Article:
1. Chaffee NR. CREST syndrome: clinical manifestations and dental management. J Prosthodont. 1998;7:155–160.
  2. Albilia JB, Lam DK, Blanas N, Clokie CM, Sándor GK. Small mouths…big problems? A review of scleroderma and its oral health implications. J Can Dent Assoc. 2007;73:831–838.
  3. Lauritano D, Bussolati A, Baldoni M, Leonida A. Scleroderma and CREST syndrome: a case report in dentistry. Minerva Stomatol. 2011;60:443–465.
  4. Yoon JC. CREST syndrome. Available at: emedicine.medscape.com/article/1064663-overview. Accessed February 29, 2016.
  5. Hunzelmann N, Genth E, Krieg T, et al. The registry of the German Network for Systemic Scleroderma: frequency of disease subsets and patterns of organ involvement. Rheumatology (Oxford). 2008;47:1185–1192.
  6. Mayes M, Lacey JV Jr, Beebe-Dimmer J, et al. Prevalence, incidence, survival, and disease characteristics of systemic sclerosis in a large U.S. population. Arthritis Rheum. 2003;48:2246–2255.
  7. Jimenez SA, Derk CT. Following the molecular pathways toward an understanding of the pathogenesis of systemic sclerosis. Ann Intern Med. 2004;140:37–50.
  8. International Scleroderma Network. Sclerodactyly and scleroderma. Available at: http://www.sclero.org/scleroderma/symptoms/skin/sclerodactyly/a-to-z.html. Accessed February 29, 2016.
  9. Johnson, S. R. New ACR EULAR guidelines for systemic sclerosis classification. Current Rheumatology Reports. 2015;17(5):1–8.
  10. Ganda K. Dentist’s Guide to Medical Conditions and Complications. 2nd ed. Hoboken, New Jersey: John Wiley & Sons; 2013:589–623.
  11. Ito M, Kojima T, Miyata M, et al. Primary biliary cirrhosis (PBC)-CREST (calcinosis, Raynaud’s phenomenon, esophageal dysfunction, sclerodactyly and telangiectasia) overlap syndrome complicated by Sjögren’s syndrome and arthritis. Intern Med. 1995;34:451–454.
  12. McNair S, Hategan A, Bourgeois JA, Losier B. Neuropsychiatric symptoms in scleroderma. Psychosomatics. 2013;54:382–386.
  13. Chifflot H, Fautrel B, Sordet C, Chatelus E, Sibilia J. Incidence and prevalence of systemic sclerosis: a systematic literature review. Semin Arthritis Rheum.2008;37:223–235.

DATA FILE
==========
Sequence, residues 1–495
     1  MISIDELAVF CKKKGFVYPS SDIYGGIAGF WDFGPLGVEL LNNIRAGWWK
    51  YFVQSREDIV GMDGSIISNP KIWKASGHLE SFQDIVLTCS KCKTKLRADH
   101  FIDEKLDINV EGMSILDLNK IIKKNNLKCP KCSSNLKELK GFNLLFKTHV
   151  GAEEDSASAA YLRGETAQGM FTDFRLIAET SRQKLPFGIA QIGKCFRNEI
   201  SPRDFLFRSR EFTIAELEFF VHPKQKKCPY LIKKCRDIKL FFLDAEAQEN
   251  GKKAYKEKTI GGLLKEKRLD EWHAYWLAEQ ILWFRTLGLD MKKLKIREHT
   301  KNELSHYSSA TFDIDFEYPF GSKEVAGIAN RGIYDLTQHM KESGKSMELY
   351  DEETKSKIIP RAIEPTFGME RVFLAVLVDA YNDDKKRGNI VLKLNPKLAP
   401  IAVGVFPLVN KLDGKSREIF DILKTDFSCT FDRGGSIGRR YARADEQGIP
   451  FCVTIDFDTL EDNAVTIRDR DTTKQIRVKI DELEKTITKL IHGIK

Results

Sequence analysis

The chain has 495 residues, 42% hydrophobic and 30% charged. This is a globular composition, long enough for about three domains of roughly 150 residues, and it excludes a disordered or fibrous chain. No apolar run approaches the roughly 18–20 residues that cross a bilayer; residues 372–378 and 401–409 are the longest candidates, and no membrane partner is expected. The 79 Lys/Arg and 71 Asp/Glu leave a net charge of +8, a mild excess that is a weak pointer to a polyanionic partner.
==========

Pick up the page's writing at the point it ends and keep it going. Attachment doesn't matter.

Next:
14. Park JS, Park MC, Song JJ, Park YB, Lee SK Lee SW. Application of the 2013 ACR/EULAR classification criteria for systemic sclerosis to patients with Raynaud’s phenomenon. Arthritis Res Ther. 2015;17:77.
  15. Alpert MA, Pressly TA, Mukerji V, et al. Acute and long-term effects of nifedipine on pulmonary and systemic hemodynamics in patients with pulmonary/ hypertension associated with diffuse systemic sclerosis, the CREST syndrome and mixed connective tissue disease. Am J Cardiol. 1991;68:1687–1691.
  16. Pope J, Fenlon D, Thompson A, et al. Prazosin for Raynaud’s phenomenon in progressive systemic sclerosis. Cochrane Database Syst Rev. 2000;2:CD000956.
  17. Yuen HK, Weng Y, Reed SG, Summerlin LM, Silver RM. Factors associated with gingival inflammation among adults with systemic sclerosis. Int J Dent Hyg. 2014;12:55–61.
  18. Tolle SL. Scleroderma: considerations for dental hygienists. Int J Dent Hyg. 2008;6:77–83.
  19. Alantar A, Cabane J, Hachulla E, et al. Recommendations for the care of oral involvement in patients with systemic sclerosis. Arthritis Care Res (Hoboken). 2011;63:1126–1133.
  20. Fischer DJ, Patton LL. Scleroderma: oral manifestations and treatment challenges. Spec Care Dentist. 2000;20:240–244.
  21. Pizzo G, Scardina GA, Messina P. Effects of a nonsurgical exercise program on the decreased mouth opening in patients with systemic scleroderma. Clin Oral Investig. 2003;7:175–178.
  22. Yuen HK, Weng Y, Bandyopadhyay D, Reed SG, Leite RS, Silver RM. Effect of a multifaceted intervention on gingival health among adults with systemic sclerosis. Clin Exp Rheumatol. 2011;29(2 Suppl 65):S26.
  23. Fardal O, Lygre H. Management of periodontal disease in patients using calcium channel blockers: Gingival overgrowth, prescribed medications, treatment responses and added treatment costs. J Clin Periodontol. 2015;42:640–646.
  24. Yuen HK, Hant FN, Hatfield C, Summerlin LM, Smith EA, Silver RM. Factors associated with oral hygiene practices among adults with systemic sclerosis. Int J Dent Hyg. 2014;12:180–186.
  25. Poulsen S. Fluoride-containing gels, mouth rinses, and varnishes: An update of evidence of efficacy. Eur Arch Paediatr Dent. 2009;10:157–161.
  26. National Institute of Dental and Craniofacial Research. Oral Health in America: A Report of the Surgeon General. Available at: nidcr.nih.gov/DataStatistics/ SurgeonGeneral/Report/ExecutiveSummary.htm. Accessed February 29, 2016.
1 Comment
  1. Thomas R Buckingham, RN, BA, RDH says

    I just finished reading your article on ” A case for hospital hygienists “, in RDH, 12/2016.
    I agree with you that having one or more hygienists on the staff of an acute hospital and rehabilitation facilities would be and is much needed.
    I am RN and a RDH. Got my RN in 1968 and my RDH in 1975. I was a surgical tech. in the Army in the early 60’s.
    The reason I went into dental hygiene is that I saw many patients while doing nursing who had terrible oral hygiene and how it was affecting their general health.
    So, I educate my clients on the importance of their oral health and how it is associated with their general health and how we even share whats in our months with others. Showing ,via mirror, how to properly use floss and tooth brush; many hygienist only tell their clients to ” do a better job”, but do not actually show them how. Believe me!
    I have mentioned the need for hygienists to be in hospital for years, but nothing is ever do about it.